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September 25th, 2003
Dying to Leave
Business of Human Trafficking: Business Structures

Human trafficking ventures range from small-time, mom-and-pop operations to tightly run, well-organized structures that operate on a competitive international basis.

Amateurs and Professionals

Trafficking humans is big business: according to the UN, an $8 to $10 billion business. Players in this industry vary significantly in size, geographical range, and organizational structure. Amateur traffickers may operate on a local level, assisting potential migrants with a single border crossing; some work in coordination with a larger trafficking organization. There are also modest-sized trafficking rings that operate on a more permanent basis, employing practiced smuggling techniques and well-known trafficking routes to convey migrants from country to country. The most sophisticated trafficking operations are highly organized groups that function on an international basis, conducting the entire scope of the trafficking process, from recruitment to transportation to the migrant’s entrance into a destination country. Thanks to their far-flung network and complex structure, these groups adjust quickly to changes in national legislation, immigration, and law enforcement policies, and are adept at avoiding border surveillance.

European ministers meet during a 2002 Asia-Europe convention in the Spanish Canary Islands to discuss how to confront the issue of illegal immigration. The Canary Islands are an important transit point for West African migrants being smuggled into Europe.

Photo: Paul Hanna/Reuters

The Participants

Larger international human trafficking groups are organized like actual businesses. Management and labor responsibilities are distributed to maximize the greatest profit and allow rapid response to change. Competition from other trafficking groups as well as crackdowns by law enforcement and immigration officials can both transform market dynamics. According to an economic analysis of organized crime and human trafficking by Andreas Schloenhardt of the Australian Institute of Criminology, the make-up of human trafficking organizations can be divided into the following roles.

1. Arrangers/Investors invest money in and supervise the operation of the entire trafficking enterprise. These individuals remain largely anonymous, virtually if not entirely unknown to those who work in the lower levels of the operation, so that they cannot be connected to any particular crime perpetrated by one of the organization’s branches.

2. Recruiters enlist potential migrants and arrange for their departure. They are also in charge of collecting smuggling fees at transit points as well as in the migrants’ destination country. Often, they are not aware of the specific trafficking route on which their recruits will embark, nor are they paid as full-time employees. Rather, they are compensated on a case-by-case basis.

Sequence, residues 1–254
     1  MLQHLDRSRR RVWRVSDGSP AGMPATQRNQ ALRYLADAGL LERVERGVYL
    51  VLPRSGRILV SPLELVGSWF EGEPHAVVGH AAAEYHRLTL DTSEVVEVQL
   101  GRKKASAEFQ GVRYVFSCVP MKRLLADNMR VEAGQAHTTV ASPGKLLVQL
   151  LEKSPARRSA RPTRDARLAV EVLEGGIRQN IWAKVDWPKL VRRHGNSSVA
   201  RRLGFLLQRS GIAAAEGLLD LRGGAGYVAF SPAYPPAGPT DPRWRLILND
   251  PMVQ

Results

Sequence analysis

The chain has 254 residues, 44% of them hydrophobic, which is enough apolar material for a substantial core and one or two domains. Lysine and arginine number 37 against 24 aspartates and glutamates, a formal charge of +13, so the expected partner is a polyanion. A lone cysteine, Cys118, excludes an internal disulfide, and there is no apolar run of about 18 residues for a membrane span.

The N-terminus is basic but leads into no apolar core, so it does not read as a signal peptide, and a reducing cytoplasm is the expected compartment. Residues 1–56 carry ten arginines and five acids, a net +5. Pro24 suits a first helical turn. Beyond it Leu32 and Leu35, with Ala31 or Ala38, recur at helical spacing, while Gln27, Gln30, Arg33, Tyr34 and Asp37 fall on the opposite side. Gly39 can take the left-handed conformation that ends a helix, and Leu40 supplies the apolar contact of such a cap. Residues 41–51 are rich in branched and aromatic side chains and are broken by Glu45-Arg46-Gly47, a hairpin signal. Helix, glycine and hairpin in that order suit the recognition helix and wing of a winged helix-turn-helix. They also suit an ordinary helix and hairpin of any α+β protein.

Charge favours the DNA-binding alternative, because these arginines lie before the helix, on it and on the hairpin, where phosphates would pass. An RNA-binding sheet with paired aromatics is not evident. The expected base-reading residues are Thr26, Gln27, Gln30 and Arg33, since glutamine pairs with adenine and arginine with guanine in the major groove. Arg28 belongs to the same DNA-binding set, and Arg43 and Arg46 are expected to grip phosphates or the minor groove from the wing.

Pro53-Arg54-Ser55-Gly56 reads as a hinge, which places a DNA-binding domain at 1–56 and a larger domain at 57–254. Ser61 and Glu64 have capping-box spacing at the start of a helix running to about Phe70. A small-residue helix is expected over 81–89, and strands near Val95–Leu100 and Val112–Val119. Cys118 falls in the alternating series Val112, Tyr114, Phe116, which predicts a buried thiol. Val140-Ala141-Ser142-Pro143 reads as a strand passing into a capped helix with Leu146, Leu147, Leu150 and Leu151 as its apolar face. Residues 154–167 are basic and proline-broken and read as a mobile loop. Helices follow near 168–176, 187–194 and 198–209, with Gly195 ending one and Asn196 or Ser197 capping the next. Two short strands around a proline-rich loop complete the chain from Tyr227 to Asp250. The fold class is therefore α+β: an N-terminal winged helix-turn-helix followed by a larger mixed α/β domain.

3. Transporters are responsible for transporting the migrants from their countries of origin to a major city in the migrant’s destination nation, as well as avoiding detection by law enforcement. Generally, they work with an intermediary, rather than through direct contact with the trafficking organization.

4. Corrupt Public Officials provide trafficking organizations with fake documents and other means to allow illegal migrants passage across the borders of their countries. The cooperation of these individuals, who may work within governmental or law enforcement offices, is generally secured with a bribe.

UN Secretary-General Kofi Annan (left) watches as Austrian President Thomas Klestil (seated) signs a treaty in 2000 during the UN’s Convention Against Transnational Organised Crime in Palermo, Italy. Pino Arlacchi of Italy, UN executive director for drug enforcement and crime prevention, stands to the right of Annan.

Photo: Tony Gentile/Reuters

5. Informers gather information on border surveillance, law enforcement, and immigration procedures, in addition to any other details that may prove valuable to the traffickers.

6. Guides and Crew Members assist in the transportation of migrants from one transit point to the next. In some cases, they charter the actual transportation vessels and accompany the migrants throughout their journey.

7. Enforcers are illegal immigrants who are chosen to maintain order during the journey from source to destination countries, often by means of threats and violence.

8. Debt Collectors help collect the smuggling fees from migrants once they have reached transit or destination countries, often by means of violence or extortion.

9. Money Launderers cover up the trail of cash, which may be reinvested in additional criminal activities or legal enterprises or dispersed through a series of hard-to-trace transactions.

10. Supporting Personnel and Specialists are individuals hired to perform specific tasks such as providing accommodations or assistance to migrants in transit. They have no specific attachment to the trafficking organization and are often local people employed on a for-hire basis.

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